Wednesday, March 19, 2014

An Open Letter to NJDOE Commissioner David Hespe #NJED

Over the years, and in my latest book, I have written about how social media has presented me and my school with numerous opportunities that I never could have imagined would be possible.  I stress the fact that we now have a plethora of free tools that compel leaders, or all educators for that matter, to become the storyteller-in-chief.  Regardless of whether the stories are being penned by myself, my staff, or the students of New Milford High School, we have done just that at NMHS. We have taken control of our public relations for our school and now actively promote all of the great work we are doing to prepare students for success in a global, digital world. Not only has the local media taken notice of the impactful work we are doing, but others around the world have as well.  I’m not going to lie, one of the best parts of my job as a Principal is being able to put my school in a position to be a model for the types of changes education needs and deserves.

Image credit:

Well, I have digressed a bit from the purpose of why I am writing this post. Not only has social media allowed us to flip the script and drown out the negative rhetoric that surrounds education all across the country, but it has also helped me find my voice. This still fascinates me, as I never thought that my opinions and ideas would have much traction outside Bergen County, NJ.  After my dear friend Ken Royal gave me a nudge, over four years ago I began to share my thoughts through blogging.   I have not shied away from sharing my opinions on educational technology, leadership, politics, policy, and reform.  The opinions of all educators matter and it is through platforms such as blogs and Twitter that I, and colleagues across the state, hope to engage all stakeholders in a meaningful conversation on how we can improve education.

Time to get back to my point.  Earlier this week I saw an article from NJ Spotlight titled THE LIST: NEW JERSEY'S 'EDUBLOGGERS' TALK POLICY, POLITICS -- AND TECHNOLOGY.  To my surprise I was identified as a blogger in NJ with some influence. Whether or not I do is besides the point. I immediately saw an opportunity to leverage this so-called influence to engage David Hespe, the new NJDOE Commissioner, in a conversation about the state of education in NJ. The previous Commissioner did not seem very concerned about what those of us in the trenches thought about the current state of education in our great state. To my knowledge there was little to no discourse with students who have and will continue to be impacted by the flurry of changes enacted in a short period of time. We can change this now Commissioner Hespe.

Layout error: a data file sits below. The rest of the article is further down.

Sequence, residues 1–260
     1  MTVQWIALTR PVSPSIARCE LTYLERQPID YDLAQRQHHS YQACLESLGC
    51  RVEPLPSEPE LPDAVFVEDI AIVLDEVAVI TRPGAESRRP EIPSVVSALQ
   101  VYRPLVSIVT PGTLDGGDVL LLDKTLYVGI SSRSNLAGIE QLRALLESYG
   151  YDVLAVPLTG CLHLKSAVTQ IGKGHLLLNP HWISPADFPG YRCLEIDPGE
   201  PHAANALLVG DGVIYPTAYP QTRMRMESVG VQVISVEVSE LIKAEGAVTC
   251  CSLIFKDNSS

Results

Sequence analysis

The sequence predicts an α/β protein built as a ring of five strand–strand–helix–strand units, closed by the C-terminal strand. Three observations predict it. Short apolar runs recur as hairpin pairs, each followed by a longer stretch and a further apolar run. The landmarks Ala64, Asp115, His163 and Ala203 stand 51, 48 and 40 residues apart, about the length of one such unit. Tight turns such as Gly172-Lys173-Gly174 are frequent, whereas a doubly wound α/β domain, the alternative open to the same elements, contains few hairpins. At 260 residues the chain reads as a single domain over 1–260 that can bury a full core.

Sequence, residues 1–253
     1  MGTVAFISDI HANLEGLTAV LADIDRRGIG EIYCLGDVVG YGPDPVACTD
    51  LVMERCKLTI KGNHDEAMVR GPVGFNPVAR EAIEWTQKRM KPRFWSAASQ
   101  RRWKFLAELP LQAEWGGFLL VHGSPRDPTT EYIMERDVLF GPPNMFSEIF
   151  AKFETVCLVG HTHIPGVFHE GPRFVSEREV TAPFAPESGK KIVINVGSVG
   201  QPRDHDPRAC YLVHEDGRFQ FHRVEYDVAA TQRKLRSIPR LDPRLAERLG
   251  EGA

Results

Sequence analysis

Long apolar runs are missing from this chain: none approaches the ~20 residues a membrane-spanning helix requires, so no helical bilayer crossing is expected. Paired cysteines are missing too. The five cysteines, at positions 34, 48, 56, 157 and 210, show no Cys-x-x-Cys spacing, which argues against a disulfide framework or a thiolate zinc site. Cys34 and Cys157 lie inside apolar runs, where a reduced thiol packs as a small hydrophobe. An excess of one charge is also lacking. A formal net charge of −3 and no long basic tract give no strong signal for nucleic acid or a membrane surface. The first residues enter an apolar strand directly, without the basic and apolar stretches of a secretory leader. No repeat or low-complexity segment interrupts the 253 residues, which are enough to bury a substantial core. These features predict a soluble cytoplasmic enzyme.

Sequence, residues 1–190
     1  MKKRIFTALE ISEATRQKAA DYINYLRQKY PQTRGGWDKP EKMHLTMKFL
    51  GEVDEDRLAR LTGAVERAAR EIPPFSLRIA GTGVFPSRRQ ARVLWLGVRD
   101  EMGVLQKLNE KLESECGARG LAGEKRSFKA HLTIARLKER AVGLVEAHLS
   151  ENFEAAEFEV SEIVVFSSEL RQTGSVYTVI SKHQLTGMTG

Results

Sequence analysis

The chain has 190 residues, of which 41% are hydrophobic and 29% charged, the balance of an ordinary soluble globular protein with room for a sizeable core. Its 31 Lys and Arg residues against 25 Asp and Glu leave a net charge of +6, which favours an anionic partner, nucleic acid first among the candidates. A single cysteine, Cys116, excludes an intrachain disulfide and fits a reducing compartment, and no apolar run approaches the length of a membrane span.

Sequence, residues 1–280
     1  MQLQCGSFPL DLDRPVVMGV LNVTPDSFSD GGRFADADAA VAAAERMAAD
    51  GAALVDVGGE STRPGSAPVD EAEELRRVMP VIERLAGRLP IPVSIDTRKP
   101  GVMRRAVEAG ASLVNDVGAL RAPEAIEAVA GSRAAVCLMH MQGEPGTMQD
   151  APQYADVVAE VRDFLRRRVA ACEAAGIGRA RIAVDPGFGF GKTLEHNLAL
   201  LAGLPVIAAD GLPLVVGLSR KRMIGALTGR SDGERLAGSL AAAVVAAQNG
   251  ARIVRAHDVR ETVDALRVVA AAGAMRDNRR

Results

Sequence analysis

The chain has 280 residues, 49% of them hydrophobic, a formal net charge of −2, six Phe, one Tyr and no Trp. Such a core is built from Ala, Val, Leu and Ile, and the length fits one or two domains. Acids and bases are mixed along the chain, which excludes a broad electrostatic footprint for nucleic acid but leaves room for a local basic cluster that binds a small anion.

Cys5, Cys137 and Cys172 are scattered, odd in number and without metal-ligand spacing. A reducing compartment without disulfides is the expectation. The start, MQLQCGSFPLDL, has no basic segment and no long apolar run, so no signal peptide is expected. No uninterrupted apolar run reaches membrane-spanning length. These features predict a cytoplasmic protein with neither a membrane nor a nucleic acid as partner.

It is my hope that my network can assist me with getting him a message that we welcome an open dialogue so that together we can create teaching and learning cultures that work for our students. My goal is to have David Hespe visit New Milford HS in the near future to see firsthand the innovative work we are doing here.  Then I would like to set up a forum with other state educators so we can share our thoughts on some of the reforms that have been implemented as of late.  This would not be a gripe session, but instead an open conversation about how we can find a common group to accomplish the same goal we all possess – the success of our students.

I compel Commissioner Hespe to answer my call to action. Visit with us here at New Milford HS, engage in a dialogue with an array of educators and students, and listen to some of the ideas, as well as concerns, we have.  Let’s talk about the roll-out of Achieve NJ, Common Core, PARCC, SGO’s as well as some amazing innovative initiatives that inspire a passion for learning among our students.  The previous We can work out the details through email and then the phone, but let’s get this conversation started.  There is no better time than now for us to unite and move NJ to educational greatness as nothing less is expected. Please email me at


  1. Always appreciate you sharing your opinions and thoughts. Glad to learn with and from you.

  2. Well done Eric! I hope that your state gets to have this and many more conversations with those doing the work of educating others and the learners themselves.